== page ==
As Illinois faces a record surge in coronavirus cases, Gov. JB Pritzker said on Sunday he is not considering an aggressive, statewide revival of more restrictions — like the stay-at-home order he issued in March — and he will continue relying on a targeted response to specific regions where outbreaks are growing.
“On a statewide basis, we haven’t looked at increasing mitigations,” the governor said in an interview on CNN’s State of the Union.
The situation in Illinois, and much of the Midwest, has become increasingly alarming, public health experts say. Illinois has twice broken new records this month for the number of known cases reported within 24 hours.
On Sunday, state officials announced 4,245 new coronavirus cases and 22 additional deaths. Illinois faces a weekly average of 3,501 cases per day, according to The New York Times. That’s up 73% from the average two weeks ago. Health experts say the rolling, seven-day average of cases is one of the best ways of measuring trends during the pandemic.
Pritzker’s administration has adopted a plan that splits the state into 11 regions. If a region’s outbreak hits certain benchmarks, like hitting an 8% positivity rate, then officials will revive more restrictions. Pritzker acknowledged that many regions, if not all, could all move backwards if the current outbreak grows out of control.
Pritzker on Sunday said Illinois is heading into a “new wave” of infections, which comes at a perilous time as temperatures dip and people are increasingly staying indoors, providing more opportunities for the virus to spread.
‘Everybody is tired of it’
Appearing on CNN, the governor blamed the recent surge on pandemic fatigue and growing outbreaks in nearby Wisconsin, Indiana and Iowa. Pritzker also blasted President Donald Trump for “modeling bad behavior.”
“He doesn’t wear a mask in public. He has rallies where they don’t encourage people to wear masks in public,” Pritzker said. “Truly, this is now rhetoric that people understand, and particularly in rural areas in my state, that, well, the president doesn’t wear a mask, we don’t need to wear a mask, it’s not that dangerous.”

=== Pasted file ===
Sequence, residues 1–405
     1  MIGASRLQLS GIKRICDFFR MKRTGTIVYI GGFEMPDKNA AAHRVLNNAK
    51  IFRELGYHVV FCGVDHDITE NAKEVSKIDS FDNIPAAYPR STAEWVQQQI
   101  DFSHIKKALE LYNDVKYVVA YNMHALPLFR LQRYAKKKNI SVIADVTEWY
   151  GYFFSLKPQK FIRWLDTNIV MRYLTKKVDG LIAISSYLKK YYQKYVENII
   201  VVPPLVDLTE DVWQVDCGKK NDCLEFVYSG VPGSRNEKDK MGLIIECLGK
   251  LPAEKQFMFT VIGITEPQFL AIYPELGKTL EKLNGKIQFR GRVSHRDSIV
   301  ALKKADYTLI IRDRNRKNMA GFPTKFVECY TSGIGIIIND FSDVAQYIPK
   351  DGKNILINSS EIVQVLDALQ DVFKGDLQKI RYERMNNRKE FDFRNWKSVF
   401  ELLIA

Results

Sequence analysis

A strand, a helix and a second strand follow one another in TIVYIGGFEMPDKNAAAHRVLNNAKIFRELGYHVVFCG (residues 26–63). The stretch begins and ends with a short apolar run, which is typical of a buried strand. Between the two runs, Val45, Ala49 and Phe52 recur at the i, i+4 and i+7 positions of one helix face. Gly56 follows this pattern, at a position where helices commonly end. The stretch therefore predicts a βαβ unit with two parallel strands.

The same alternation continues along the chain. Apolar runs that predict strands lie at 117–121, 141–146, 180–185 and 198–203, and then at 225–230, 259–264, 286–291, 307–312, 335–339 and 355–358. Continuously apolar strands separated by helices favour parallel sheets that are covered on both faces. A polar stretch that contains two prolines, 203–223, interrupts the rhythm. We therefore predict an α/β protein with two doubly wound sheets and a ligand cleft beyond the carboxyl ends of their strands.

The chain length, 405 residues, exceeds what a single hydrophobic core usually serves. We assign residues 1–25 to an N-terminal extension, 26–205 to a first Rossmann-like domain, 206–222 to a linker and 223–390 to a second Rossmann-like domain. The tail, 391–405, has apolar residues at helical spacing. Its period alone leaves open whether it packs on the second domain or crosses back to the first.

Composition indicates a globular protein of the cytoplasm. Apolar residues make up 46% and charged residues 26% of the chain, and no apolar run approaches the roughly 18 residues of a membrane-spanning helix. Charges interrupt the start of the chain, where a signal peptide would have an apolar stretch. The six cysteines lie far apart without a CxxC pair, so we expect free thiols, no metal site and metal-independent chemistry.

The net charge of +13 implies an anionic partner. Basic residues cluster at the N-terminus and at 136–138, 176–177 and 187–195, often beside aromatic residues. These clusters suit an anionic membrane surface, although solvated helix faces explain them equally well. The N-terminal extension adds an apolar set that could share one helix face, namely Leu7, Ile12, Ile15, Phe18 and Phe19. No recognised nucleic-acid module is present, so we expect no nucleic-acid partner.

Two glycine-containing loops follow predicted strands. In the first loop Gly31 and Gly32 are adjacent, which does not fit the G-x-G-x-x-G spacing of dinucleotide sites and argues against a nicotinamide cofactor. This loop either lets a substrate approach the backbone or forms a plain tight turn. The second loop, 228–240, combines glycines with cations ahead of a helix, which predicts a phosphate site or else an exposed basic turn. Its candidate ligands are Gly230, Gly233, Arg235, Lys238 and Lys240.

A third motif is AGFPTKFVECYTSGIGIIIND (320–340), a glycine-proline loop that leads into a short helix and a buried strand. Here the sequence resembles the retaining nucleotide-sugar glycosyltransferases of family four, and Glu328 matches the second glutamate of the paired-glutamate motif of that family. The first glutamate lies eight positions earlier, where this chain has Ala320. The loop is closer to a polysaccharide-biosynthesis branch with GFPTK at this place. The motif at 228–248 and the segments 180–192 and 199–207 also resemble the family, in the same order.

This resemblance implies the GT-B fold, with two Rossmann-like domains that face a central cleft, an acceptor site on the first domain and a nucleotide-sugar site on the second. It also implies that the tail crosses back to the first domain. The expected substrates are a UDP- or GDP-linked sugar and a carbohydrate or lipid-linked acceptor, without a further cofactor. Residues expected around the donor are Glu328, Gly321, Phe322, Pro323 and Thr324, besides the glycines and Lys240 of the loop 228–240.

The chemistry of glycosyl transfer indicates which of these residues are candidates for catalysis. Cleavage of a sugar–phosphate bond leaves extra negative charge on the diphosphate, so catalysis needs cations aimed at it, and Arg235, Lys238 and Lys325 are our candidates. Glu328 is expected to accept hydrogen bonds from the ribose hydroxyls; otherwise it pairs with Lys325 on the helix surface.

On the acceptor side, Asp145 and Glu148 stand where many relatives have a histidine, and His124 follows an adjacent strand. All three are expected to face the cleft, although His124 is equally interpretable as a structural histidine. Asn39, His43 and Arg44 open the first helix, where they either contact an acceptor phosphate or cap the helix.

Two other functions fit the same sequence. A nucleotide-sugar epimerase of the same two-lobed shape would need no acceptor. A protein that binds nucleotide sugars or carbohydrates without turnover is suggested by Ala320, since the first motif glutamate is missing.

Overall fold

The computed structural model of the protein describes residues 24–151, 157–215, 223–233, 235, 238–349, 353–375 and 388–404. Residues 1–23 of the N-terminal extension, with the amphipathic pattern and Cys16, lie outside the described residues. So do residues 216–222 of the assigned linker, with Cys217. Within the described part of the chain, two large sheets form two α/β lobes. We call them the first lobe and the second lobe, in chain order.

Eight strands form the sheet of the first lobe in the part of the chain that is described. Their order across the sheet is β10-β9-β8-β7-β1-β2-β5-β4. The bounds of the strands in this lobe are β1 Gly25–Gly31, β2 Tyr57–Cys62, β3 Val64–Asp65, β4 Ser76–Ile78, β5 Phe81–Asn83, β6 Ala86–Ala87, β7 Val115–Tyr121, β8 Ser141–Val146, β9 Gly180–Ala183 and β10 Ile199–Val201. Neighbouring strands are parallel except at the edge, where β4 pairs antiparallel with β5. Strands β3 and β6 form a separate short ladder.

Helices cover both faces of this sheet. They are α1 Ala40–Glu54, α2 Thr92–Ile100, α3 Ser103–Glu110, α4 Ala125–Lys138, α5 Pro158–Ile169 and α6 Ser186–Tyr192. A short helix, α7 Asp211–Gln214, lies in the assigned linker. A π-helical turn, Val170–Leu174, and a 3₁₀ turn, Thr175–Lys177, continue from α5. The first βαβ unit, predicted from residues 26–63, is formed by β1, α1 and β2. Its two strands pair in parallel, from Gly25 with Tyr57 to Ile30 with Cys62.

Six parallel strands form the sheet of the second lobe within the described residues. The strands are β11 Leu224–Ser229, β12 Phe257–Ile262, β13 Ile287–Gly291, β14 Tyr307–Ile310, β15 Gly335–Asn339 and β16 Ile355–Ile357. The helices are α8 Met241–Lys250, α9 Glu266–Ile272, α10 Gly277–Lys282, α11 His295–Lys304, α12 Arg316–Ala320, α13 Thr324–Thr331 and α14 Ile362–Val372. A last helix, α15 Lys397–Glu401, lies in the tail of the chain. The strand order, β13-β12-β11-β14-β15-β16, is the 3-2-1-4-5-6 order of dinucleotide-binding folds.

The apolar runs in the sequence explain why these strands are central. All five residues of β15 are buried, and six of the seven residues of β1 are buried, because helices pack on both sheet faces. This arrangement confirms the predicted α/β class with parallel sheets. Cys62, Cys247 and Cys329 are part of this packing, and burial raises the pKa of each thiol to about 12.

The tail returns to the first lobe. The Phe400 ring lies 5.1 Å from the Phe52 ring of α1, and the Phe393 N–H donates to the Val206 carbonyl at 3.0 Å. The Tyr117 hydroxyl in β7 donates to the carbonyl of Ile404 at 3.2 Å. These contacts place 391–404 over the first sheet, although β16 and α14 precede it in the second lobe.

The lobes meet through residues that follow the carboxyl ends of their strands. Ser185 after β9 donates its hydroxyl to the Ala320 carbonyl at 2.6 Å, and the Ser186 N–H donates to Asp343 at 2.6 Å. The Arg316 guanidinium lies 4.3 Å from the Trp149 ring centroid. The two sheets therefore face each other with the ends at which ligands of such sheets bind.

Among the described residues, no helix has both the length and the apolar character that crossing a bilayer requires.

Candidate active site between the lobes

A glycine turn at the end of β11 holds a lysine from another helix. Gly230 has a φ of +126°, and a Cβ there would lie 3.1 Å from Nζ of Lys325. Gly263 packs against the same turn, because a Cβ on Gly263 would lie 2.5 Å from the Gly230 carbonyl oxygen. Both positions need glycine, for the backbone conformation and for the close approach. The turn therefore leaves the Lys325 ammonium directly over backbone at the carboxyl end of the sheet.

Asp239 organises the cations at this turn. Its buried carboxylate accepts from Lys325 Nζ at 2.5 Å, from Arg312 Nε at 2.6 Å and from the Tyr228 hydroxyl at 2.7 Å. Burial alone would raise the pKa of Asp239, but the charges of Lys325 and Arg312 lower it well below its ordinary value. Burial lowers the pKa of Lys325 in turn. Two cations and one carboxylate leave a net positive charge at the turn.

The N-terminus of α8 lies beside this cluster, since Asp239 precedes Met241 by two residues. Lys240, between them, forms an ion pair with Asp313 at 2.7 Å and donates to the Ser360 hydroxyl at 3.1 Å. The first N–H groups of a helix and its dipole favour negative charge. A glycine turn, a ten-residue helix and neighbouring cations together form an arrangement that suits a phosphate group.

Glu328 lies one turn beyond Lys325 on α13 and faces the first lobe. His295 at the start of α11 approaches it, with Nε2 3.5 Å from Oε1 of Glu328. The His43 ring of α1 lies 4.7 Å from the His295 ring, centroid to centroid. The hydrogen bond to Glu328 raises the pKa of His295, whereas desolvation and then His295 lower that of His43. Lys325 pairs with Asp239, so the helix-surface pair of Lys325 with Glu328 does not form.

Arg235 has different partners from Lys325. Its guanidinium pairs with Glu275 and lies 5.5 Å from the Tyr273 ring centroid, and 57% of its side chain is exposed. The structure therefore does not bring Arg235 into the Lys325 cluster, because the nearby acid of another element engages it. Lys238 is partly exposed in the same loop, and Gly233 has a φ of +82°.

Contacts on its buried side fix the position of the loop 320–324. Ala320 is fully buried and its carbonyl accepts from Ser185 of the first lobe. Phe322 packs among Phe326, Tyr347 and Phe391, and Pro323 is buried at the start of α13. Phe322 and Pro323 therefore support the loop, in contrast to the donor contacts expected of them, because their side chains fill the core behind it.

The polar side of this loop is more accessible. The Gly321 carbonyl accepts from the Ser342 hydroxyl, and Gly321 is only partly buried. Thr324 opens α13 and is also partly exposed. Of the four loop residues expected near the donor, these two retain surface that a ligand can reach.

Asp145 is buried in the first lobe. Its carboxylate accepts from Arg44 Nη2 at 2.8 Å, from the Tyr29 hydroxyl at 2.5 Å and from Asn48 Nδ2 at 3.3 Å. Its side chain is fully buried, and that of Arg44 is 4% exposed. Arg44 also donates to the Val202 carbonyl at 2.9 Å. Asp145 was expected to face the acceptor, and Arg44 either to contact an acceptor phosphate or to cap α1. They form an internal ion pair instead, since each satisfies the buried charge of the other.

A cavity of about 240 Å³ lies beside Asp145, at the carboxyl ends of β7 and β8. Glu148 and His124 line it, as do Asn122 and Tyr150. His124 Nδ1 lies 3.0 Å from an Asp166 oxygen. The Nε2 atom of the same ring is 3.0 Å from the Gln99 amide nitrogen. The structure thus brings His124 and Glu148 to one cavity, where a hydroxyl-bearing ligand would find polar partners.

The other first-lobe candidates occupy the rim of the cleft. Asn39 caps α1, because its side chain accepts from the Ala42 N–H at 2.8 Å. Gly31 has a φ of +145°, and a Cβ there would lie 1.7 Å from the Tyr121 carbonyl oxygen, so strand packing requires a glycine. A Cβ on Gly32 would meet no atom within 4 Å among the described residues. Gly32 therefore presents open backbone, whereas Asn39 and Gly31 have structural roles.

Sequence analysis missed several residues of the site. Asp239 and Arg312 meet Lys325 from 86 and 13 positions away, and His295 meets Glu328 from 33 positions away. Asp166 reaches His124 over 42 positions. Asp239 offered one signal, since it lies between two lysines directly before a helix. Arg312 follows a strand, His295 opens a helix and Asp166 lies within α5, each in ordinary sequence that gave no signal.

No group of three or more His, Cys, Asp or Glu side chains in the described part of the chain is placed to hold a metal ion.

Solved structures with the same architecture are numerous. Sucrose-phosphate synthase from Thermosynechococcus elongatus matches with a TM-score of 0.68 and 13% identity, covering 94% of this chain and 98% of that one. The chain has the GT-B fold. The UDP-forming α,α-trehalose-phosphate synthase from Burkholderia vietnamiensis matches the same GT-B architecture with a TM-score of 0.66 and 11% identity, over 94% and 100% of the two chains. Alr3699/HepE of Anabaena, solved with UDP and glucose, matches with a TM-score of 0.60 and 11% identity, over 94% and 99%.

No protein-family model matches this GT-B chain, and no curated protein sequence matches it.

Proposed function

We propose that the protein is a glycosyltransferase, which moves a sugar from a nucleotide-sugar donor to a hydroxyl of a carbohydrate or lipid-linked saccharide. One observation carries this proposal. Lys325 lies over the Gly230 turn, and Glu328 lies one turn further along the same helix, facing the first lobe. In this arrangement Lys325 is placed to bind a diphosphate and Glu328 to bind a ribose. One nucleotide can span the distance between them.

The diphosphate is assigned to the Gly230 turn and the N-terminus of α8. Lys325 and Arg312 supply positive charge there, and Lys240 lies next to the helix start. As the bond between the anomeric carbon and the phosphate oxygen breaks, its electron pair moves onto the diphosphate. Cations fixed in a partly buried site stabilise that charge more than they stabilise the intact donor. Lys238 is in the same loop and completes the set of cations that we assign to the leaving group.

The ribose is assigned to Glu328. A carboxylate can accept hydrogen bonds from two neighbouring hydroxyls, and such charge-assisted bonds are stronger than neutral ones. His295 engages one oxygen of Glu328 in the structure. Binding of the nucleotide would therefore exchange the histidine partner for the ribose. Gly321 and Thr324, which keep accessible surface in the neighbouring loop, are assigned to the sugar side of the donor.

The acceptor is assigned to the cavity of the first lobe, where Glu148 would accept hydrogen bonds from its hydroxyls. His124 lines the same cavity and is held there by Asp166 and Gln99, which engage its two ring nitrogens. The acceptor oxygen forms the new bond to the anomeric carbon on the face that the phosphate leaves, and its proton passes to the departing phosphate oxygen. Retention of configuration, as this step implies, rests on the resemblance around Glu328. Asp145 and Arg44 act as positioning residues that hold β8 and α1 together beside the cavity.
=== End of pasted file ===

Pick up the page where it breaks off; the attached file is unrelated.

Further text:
Pritzker appeared on CNN in response to criticism of his leadership, leveled by Trump during a campaign rally in Janesville, Wisconsin on Saturday. At one point, Trump slammed Pritzker, saying Illinois “could use a new governor” and businesses should be allowed to reopen.
Dr. Robert Murphy, a professor of medicine and infectious disease at Northwestern University’s Feinberg School of Medicine, said lifting even more restrictions would be disastrous right now.
“Everybody is tired of it,” Murphy said of the pandemic. “And so you have that pressure to just open up, and that’s just going to make everything worse. And from an epidemiological standpoint, I can’t support that. And I can’t recommend that. It’s a big mistake. Every time you do that, you pay with a life. You’re going to kill somebody.”
Murphy agrees with Pritzker that pandemic fatigue is playing a role in the recent surge facing Illinois and much of the nation. But Murphy said other factors include the reopening of schools to in-person classes and the relaxation of restrictions regarding bars and restaurants.
Last month, Chicago Mayor Lori Lightfoot announced bars that don’t serve food can reopen, and restaurants could serve more indoor customers. Since then, infections have steadily grown. The city has a 5.2% positivity rate and is seeing a weekly average of 508 cases per day, according to data released on Friday.
Public health experts warn that the situation in Illinois and throughout the U.S. could get much worse. One notable model estimates the U.S. could reach more than 394,000 deaths from COVID-19 by Feb. 1. That model, from the Institute for Health Metrics and Evaluation at the University of Washington, also projects Illinois’ death toll could grow to more than 18,000 in the next four months. To put that in perspective, the state has reported a little over 9,000 deaths during the past seven months.
When it comes to cases, the model projects Illinois could hit a peak of nearly 17,000 cases per day in late November. That estimate includes people who are not tested.
But Murphy said local officials can gain control over the outbreak without having to resort to another stay-at-home order by mandating face masks and placing limits on social gatherings, like in Spain, where gatherings are now limited to six people. And Murphy signaled optimism, saying that the U.S. will be in much better shape a year from now when a vaccine may be widely available.
“I’ve studied pandemics, and they all end,” Murphy said. “Every one of them ends. The question is: How long does it take to end? And how many people will die?”
Hunter Clauss is a digital editor and writer of WBEZ’s Rundown newsletter. You can follow him at @whuntah.